2013 — 13 January: Sunday

My memory generally dredges up the sort of stuff that keeps me smiling within a few seconds. However, I've long known it cannot be trusted with vitally useful information (this morning's current example being the Sunday opening hours of my preferred food group supplier down the road) but one swiftly-typed search string later1 and I now know I have a good few minutes for brekkie and another cuppa (and a chance to find some socks) before I head out into the cool, dry, weak sunshine.

"All Good Things"...

... turned out to be such an interesting film that I went on to watch all the 'extras', though I didn't bother to re-watch with the commentary soundtrack. It was therefore nearly 02:30 before Bedfordshire finally claimed me. That's just one of the freedoms so great about being a retired chap. And I put the watching time to good parallel use, as I left a mammoth data backup job running. The only file out of 60,000 or so that glitched was a classical music 'm3u' playlist whose filename turned out to be too long2 for the destination device.

An erudite chum enlightens me:

You made a point about windows filenames being too long in your ¬blog. I hit this issue a while back and it is a typical microsoft cockup. The safe maximum (NTFS) is 255 characters plus the x: drive designator. However, NTFS internally can cope with longer filenames and there are ways of creating them — I think unpacking certain archive file types with already long filenames into a directory so that the total length > 255 chars will do it. The problem is that windows explorer can read and display these names but cannot create them, so if you use it to copy them the operation will fail, as will some other operations. Other software may succeed, fail or act bizarrely when presented with such filenames. I fell over it when I unpacked an archive of a book collection with deeply nested directory structures into a location already several directories deep. When I later tried to copy the result I got a slew of errors where I couldn't see what was failing because the name was too long to display properly in the error box.

Date: Mere minutes ago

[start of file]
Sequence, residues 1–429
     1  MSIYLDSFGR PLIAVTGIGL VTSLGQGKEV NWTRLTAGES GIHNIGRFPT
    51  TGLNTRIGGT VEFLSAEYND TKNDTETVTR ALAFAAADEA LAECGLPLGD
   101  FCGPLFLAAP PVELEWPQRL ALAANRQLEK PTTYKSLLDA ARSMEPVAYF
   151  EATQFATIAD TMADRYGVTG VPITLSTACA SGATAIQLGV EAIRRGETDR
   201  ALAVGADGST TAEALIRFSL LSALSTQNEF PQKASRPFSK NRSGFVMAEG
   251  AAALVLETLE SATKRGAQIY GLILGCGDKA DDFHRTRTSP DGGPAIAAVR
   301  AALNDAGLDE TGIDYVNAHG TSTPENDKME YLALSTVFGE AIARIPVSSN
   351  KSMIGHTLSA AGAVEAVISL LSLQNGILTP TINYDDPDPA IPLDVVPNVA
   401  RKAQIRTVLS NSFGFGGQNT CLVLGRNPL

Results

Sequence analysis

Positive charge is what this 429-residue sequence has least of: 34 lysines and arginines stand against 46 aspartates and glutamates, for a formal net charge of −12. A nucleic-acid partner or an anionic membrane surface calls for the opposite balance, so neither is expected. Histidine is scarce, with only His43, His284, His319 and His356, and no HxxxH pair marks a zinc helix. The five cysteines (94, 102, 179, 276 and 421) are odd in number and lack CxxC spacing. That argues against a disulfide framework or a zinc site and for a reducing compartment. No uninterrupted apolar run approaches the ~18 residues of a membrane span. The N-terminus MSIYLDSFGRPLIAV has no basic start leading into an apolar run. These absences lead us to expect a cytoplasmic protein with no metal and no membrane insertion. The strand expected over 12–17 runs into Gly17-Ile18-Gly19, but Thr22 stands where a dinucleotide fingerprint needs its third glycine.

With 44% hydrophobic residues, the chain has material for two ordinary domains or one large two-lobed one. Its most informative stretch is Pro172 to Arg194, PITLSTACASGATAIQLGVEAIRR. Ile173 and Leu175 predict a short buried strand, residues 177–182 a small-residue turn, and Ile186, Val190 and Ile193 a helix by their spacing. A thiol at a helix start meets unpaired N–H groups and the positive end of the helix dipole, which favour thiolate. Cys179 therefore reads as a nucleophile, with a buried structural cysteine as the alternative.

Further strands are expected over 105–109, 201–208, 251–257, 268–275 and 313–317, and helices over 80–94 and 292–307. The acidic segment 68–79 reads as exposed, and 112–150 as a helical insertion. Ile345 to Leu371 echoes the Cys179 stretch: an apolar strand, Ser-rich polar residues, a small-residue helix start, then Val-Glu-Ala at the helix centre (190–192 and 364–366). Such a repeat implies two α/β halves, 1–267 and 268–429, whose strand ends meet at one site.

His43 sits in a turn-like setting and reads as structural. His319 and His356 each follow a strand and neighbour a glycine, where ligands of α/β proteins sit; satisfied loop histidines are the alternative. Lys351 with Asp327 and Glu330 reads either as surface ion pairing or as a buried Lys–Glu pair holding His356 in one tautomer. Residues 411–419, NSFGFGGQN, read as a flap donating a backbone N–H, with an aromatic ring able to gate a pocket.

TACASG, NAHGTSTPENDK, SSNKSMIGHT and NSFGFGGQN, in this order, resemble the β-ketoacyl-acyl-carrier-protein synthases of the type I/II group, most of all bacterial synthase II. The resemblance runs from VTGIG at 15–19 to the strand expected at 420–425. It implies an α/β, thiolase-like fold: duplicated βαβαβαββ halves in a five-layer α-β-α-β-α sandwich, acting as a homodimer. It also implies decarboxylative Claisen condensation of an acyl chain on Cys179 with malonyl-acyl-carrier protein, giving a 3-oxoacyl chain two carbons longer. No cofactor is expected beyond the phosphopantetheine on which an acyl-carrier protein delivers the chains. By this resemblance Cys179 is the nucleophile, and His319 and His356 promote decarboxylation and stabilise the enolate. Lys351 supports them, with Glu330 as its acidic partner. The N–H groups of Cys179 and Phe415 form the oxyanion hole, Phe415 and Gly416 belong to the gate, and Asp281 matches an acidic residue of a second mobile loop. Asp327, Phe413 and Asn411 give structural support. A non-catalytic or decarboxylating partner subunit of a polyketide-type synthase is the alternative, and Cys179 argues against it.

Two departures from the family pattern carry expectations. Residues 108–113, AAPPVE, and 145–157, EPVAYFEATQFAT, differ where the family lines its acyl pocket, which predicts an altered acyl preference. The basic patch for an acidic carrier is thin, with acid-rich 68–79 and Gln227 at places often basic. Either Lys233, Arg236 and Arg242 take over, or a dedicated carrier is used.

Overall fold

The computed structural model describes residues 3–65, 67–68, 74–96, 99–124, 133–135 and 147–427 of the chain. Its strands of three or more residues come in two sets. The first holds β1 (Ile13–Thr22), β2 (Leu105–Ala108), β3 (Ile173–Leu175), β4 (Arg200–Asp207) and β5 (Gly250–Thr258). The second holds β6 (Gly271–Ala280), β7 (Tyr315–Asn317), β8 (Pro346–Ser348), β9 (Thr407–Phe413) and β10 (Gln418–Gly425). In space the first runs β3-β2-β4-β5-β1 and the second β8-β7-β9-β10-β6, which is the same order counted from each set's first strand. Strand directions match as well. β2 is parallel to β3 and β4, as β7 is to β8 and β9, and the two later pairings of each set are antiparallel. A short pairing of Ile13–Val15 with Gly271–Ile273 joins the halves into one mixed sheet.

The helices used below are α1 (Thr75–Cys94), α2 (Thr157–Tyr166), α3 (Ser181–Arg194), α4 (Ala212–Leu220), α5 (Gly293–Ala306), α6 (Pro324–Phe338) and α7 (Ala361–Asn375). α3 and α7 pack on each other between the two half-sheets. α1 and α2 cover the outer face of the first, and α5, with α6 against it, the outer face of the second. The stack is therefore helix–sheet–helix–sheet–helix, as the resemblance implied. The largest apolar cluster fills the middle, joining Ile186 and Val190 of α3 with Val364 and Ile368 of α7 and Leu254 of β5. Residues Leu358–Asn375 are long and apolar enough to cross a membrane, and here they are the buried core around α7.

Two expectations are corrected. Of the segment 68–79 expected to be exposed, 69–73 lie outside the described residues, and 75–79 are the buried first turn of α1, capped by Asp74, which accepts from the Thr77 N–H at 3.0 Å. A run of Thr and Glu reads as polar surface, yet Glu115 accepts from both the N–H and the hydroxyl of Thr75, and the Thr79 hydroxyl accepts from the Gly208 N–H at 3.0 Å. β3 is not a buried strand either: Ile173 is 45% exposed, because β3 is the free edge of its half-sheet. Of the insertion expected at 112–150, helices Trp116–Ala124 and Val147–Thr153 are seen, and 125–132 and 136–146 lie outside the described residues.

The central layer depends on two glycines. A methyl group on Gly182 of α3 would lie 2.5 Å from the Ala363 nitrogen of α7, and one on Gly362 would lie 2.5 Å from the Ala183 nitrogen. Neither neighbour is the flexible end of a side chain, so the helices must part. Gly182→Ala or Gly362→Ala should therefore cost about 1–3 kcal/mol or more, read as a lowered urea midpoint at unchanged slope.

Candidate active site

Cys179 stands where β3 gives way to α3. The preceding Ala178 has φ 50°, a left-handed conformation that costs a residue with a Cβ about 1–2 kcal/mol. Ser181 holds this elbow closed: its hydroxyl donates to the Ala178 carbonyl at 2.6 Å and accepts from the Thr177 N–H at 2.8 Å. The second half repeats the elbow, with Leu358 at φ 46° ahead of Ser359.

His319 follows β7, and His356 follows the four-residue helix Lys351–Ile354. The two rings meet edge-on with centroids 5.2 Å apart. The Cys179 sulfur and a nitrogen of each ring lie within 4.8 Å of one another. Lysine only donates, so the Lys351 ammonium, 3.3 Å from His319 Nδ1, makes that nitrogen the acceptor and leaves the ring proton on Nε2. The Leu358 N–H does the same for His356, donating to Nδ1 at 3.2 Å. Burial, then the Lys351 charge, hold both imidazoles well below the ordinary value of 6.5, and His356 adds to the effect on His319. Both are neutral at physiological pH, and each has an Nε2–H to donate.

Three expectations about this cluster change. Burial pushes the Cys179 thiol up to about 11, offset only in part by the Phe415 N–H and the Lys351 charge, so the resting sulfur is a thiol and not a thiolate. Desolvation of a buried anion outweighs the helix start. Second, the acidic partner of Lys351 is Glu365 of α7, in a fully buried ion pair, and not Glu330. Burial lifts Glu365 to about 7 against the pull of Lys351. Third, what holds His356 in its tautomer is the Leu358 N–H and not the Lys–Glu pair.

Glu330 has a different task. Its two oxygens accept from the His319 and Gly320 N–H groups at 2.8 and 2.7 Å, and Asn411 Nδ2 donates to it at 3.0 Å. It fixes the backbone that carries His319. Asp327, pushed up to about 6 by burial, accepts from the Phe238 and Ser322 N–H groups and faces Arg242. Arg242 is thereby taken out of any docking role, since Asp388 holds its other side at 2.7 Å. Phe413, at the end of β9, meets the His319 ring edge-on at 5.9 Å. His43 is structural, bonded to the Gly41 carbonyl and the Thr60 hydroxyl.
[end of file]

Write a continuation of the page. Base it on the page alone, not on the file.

So now I know. KBO.

I hafta say...

... BBC 6Music has been excelling itself so far today. Even for its usual high standards on a Sunday. It's jolly cold out there — just barely above 0C when I got back from my supplies run — but the Cupboard of Mrs Hubbard is slightly less empty, so I should be able to withstand a weather-based siege for a few days. It's already well into lunchtime territory, but I can't be bothered just yet. Not when there are a couple of gaps in my David Bowie tracks to be filled-in by some judiciously-chosen remastered3 downloads.

How on earth did I survive so long without "Scary Monsters (and Super Creeps)" or "We are the Dead", for example? Beats me, chief. Not to mention the entire "Pin Ups" album. All long since cast adrift in their vinyl incarnations, of course. 30 years ago, in fact, when I sold off all my vinyl to various colleagues in the IBM Lab to help finance my acquisition of those then new-fangled CDs. When I ran out of suckers, Christa carted the remaining albums along to one of those second-hand shops that used to liven up the St. Mary's portion of Soton before Yuppie gentrification came along and ruined it. (Some might say "cleaned it up", I suppose.)

I now find, or...

... at least found at lunchtime, that a little bit of NPR can go rather a long way these days. Or is it just me becoming ever more of a curmudgeon? It's approaching 17:00 and the dim twilight suggests it's time for my curtains and blinds round. Meanwhile, with the central heating thermostat in the hallway on "20C" it's a bracing 19.9C here at the kernel of Technology Towers. Perhaps I should run on the spot for a while. Jarvis has been rabbiting on about Gurdjieff. I could wish he'd concentrate more on the music.

As I remarked to one of my lady friends while checking out the foodstuffs this morning: "I have to keep buying stuff because somebody in my house keeps eating it". Judging by the hollow feeling in the vicinity of the tum, I'm guessing that would be me. But then, it is now 19:01 or so. Where did I hide that stale crust?

I'm not repeating last night's mistake. I'm off to bed before the Chimes at Midnight. G'night.



1  Thank you, Mrs Google.
2  Quite how (or even why) an externally-attached 3TB USB3 drive can be too weeny to hold a file of a couple of hundred bytes that has had no such difficulty housing itself on an internal 1TB SATA drive for many moons is just one of those bizarre Microsoft Miracles that can and will remain unexplored.
3  As I've noted elsewhere, it's fair to say that some of his material cried out for more skilful remastering than it originally received.